If the combined oral contraceptive (COC) pill, simply known as birth control pill or the pill, is your preferred choice of birth control, and you are about to start taking it for the first time, you will need to know how to take it and what to do in certain situations (e.g. if you have missed one or more pills (discussed in another article), or you are taking medicines that might reduce its effectiveness). This is important in order to protect yourself from getting pregnant.
When to start using the birth control pill
The birth control pill should ideally be started on the 1st day of your period. However, it can still provide protection if started up to the 5th day of your period or menstrual cycle, without the need for you to use extra contraceptive protection such as a condom. If it is started at any other time in the cycle, additional precaution should be used for the first seven days.
Before you start using a birth control pill, you should also be certain that you are not pregnant. If you are not sure, then a high-sensitivity urine pregnancy test (HSUPT) should be done in order to confirm that you are not pregnant, before starting on the pill.
If you have infrequent or irregular menstrual bleeds, it is advisable to start the pill after being certain that you are not pregnant or carrying out an HSUPT (if necessary). You may also require additional contraceptive precaution for the first 7 days.
Starting birth control pill after childbirth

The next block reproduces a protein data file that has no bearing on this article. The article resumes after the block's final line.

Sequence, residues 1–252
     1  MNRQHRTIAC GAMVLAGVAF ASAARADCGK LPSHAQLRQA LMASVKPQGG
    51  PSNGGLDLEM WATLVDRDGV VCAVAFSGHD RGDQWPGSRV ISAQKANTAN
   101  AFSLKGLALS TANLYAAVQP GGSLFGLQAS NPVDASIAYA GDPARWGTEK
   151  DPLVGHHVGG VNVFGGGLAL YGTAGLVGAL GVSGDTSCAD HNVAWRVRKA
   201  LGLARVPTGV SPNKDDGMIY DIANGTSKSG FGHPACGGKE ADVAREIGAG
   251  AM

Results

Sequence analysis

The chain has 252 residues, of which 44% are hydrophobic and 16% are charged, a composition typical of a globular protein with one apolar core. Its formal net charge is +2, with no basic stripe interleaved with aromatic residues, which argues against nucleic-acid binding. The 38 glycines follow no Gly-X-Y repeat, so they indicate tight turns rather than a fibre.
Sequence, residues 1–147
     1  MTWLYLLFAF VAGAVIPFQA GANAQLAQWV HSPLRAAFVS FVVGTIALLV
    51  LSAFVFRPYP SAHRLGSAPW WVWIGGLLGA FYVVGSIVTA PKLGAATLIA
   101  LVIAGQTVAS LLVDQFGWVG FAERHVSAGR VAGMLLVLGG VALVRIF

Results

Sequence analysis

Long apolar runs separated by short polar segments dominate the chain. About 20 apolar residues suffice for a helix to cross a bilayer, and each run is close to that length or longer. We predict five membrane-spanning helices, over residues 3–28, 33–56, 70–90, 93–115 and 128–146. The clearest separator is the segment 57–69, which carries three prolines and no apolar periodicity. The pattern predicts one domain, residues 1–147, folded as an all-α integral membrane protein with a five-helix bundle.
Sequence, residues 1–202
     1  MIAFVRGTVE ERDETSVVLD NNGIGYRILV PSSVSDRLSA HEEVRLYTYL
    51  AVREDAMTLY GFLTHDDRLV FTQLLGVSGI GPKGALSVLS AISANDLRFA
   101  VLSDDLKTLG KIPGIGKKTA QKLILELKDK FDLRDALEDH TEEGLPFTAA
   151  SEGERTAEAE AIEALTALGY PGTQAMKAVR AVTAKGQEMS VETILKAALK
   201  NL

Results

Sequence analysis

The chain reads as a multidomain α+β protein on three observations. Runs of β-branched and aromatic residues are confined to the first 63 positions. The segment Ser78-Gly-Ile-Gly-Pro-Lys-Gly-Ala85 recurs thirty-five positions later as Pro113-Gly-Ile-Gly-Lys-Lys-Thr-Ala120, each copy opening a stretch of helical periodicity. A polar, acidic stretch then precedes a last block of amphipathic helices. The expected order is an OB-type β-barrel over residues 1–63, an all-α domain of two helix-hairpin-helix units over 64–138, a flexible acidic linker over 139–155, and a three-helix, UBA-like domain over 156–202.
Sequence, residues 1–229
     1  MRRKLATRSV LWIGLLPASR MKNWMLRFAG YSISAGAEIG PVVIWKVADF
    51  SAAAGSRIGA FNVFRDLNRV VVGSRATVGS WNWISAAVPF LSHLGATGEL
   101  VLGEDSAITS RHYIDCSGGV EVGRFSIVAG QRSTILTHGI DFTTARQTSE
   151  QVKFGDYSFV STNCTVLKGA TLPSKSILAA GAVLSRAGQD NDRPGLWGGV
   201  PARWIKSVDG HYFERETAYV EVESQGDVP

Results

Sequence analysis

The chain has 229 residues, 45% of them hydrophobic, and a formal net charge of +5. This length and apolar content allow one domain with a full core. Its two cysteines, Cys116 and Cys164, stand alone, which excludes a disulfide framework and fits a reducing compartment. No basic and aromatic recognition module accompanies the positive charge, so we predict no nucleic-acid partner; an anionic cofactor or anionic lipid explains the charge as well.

If you are thinking of starting the pill after the birth of your baby, your start date would depend on whether you are breastfeeding or not.
If you are breastfeeding, it is best to wait at least 6 weeks before starting on the pill. You will require an initial doctor consultation to assess whether it is safe for you, and you may discuss with the doctor alternative contraception to be used during the 6 weeks.
If you are not breastfeeding, you can start the pill after 3 weeks following childbirth, provided you have no added risk factors for venous thromboembolism (VTE) (e.g. postnatal immobility or a complicated pregnancy or birth). If you have additional risk factors for VTE, it is best to wait for 6 weeks before starting on the birth control pill (after discussing with the doctor to ensure it is safe for you).
If you are starting the pill after emergency contraception or switching from another method of contraception, the advice would be different (look out for the article on switching from other contraception methods to birth control pills).
How to take the birth control pill
The birth control pill must be taken orally, one pill each day, before or after food. It is important to take the pill every day, and around the same time each day. It is better to choose a time of day, or an activity you do everyday, to help you remember when your pill is due. You can also set reminders on your mobile phone to alert you of the timing of your pill.
If you take the pill more than 24 hours after it is due, then that pill is counted as a missed pill (see article on how to manage missed pills).
Using birth control brands with 21 pills per pack
These birth control pills contain 21 active/ hormone pills. Some brands also provide additional 7 inactive/ hormone-free/ placebo pills.
As discussed earlier, the pill is best started on the first day (or within the first 5 days) of your next period, as this provides most contraceptive protection. If you start the pill on any other day, you will need to use additional protection (such as a condom) for the first 7 days. Once started, you should take one pill at about the same time each day.
After taking the 21 pills, you will have a pill-free break for 7 days (or a hormone-free break for 7 days if your pack contains the 7 inactive/ hormone-free/ placebo pills). During the 7-day pill-free or hormone-free break, you may have some bleeding. This is called withdrawal bleeding and it is like a period. You will be protected from pregnancy during this time, provided you have been taking your pills correctly without miss and you start the next pack on time.